Vandalog Interviews – Retna

Photo by DoubleKf

One of the best examples of the grey area that I love between street art and graffiti is Retna. The artist that I most wanted to watch paint last year at Primary Flight was Retna. I remember seeing one of Retna’s faux-marble sculptures at Primary Flight’s Blue Print For Space show and thinking “Damn, he needs to do that in real marble and I’d want one in every room of my house.” One of the first pieces of graffiti that I saw upon arriving in Philadelphia last month was an piece by Retna. For the last year or so, Retna has secretly been climbing toward the top of my list of favorite artists. His art works equally well indoors or outdoors, alone or in collaborations. He deals with subject matter ranging from politics and spirituality to fashion and street culture, but he doesn’t feel all over the place because it’s all part of a continuing push to bring things to a new level.

Recently, Retna took some time to talk to us here at Vandalog for this exclusive interview. And if you enjoy this interview (and even if you don’t for some reason), I highly suggest that you check out the September issue of Juxtapoz where Jeffrey Deitch shares his thought on Retna (excerpted here) and Retna is interviewed in-depth.

This is the first in Vandalog’s series of interviews in anticipation of the Moniker International Art Fair. Retna’s work will be shown at the fair in New Image Art Gallery‘s booth. Over the next couple of weeks, we’ll be posting more interviews with a number of artists involved in Moniker.

How did you become interested in graffiti art?

My first encounter with graffiti was when I was a kid—I remember going out in my backyard and seeing a group of older guys hanging out on the roof a couple houses away writing gang blocks. At the age of 8, I was fascinated and already trying to imitate what they were doing. I was immediately attracted to the art form of graffiti and wanted to know how it was done, so I started practicing writing letters and eventually developing my own style.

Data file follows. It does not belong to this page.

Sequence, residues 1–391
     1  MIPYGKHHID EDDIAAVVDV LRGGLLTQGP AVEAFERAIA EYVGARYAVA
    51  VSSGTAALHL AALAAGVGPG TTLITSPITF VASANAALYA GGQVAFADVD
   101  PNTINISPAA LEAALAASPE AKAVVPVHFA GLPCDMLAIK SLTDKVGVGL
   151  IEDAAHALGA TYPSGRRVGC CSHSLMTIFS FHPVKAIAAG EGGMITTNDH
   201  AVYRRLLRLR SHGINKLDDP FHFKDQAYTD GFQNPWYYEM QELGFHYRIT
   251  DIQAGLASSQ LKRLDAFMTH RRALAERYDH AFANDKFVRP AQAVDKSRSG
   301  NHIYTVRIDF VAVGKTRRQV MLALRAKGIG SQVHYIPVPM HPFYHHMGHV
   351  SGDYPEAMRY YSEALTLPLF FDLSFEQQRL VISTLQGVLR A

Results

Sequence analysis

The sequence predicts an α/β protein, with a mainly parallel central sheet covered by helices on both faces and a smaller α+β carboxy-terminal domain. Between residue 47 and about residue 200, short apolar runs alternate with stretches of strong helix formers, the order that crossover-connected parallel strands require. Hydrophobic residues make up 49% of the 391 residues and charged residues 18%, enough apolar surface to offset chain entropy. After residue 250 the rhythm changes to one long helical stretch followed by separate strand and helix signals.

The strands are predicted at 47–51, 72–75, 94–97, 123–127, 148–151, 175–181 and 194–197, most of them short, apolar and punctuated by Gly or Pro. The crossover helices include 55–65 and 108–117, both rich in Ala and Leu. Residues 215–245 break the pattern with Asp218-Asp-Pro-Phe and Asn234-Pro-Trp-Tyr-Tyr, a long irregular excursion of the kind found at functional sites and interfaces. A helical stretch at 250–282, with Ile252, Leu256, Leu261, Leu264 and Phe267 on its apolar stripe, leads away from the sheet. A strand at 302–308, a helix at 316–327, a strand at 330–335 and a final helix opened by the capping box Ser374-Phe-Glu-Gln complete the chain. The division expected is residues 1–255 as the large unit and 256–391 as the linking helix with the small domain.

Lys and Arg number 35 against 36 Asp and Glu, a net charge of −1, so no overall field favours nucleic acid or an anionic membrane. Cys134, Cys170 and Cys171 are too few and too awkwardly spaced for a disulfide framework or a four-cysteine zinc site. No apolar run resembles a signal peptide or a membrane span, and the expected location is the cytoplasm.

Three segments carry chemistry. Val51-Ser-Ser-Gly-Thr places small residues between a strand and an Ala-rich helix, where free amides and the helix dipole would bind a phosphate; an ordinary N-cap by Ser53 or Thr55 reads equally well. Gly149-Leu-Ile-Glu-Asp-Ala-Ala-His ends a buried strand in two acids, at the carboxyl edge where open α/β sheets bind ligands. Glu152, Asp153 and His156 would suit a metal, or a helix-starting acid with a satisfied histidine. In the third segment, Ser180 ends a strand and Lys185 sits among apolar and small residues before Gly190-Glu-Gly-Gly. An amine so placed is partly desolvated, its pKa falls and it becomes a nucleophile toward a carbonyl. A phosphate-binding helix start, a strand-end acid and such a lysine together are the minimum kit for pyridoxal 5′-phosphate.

How did your affiliation with MSK and AWR come about?

It begins and ends with my oldest group of friends.

Something that has always intrigued me about your work is its unique use of the Latin alphabet. Where did the idea to incorporate this technique in to your work originate? Was this style something you were already familiar with or did you have to learn it from scratch and adapt it?

The incorporation of text in my work is a direct result of my graffiti background. It’s become my way of bridging the gap between graffiti art and fine art. My style of writing is something that I have created and refined over the years by taking inspiration from various sources including Egyptian hieroglyphics, Old English calligraphy and traditional graffiti writing.

Photo by Lord Jim

When you’re creating a piece that incorporates this type of lettering how often are you actually creating an encoded message, rather then just using the font purely for aesthetics?

Although some may see the text as aesthetically pleasing and merely as symbols, I never write random letters. All my pieces can be decoded into full messages and words that translate into English or Spanish.

Photo by Revok
Photo by Revok

Creating murals by yourself or with others seems to play a very big part in what you do. One thing I’ve noticed is your consistency in collaborating with EL MAC. How did you guys meet and what is it that keeps bringing you back together for these awesome collabs?

Mac and I first met about ten years ago when we were painting side by side at an art event in Mexico and then we were reintroduced about five years ago—that’s when we completed our first collaborative mural. Our work garnered such a positive response that we realized that we had a strong synergy and we’ve been working together ever since.

Retna and El Mac. Photo by anarchosyn
Retna and El Mac. Photo by Hargo

How has L.A. Influenced your style since you were first introduced to the mural culture at an early age?

I was born and raised in Los Angeles so I grew up watching all the other great graffiti artists and muralists, and aspiring to be like them. I want to do the same for others—I want to create work that’s so awe-inspiring that it motivates others to get into art. I would love to be a footnote in someone else’s career and hear that they were inspired by something I created.

Lets talk a little about the latest installation you did over at the Rivera & Rivera Gallery, where you created a floor-to-ceiling installation piece. What was it like working on such a large scale?

I have worked on some large-scale murals before, so that was not a challenge for me. However what I did find challenging was, visualizing the piece on a three dimensional scale. The piece at Rivera & Rivera was the first time where I incorporated additional elements, like fabric, to my painting to create a truly interactive installation that fully engaged viewers.

Photo by Unurth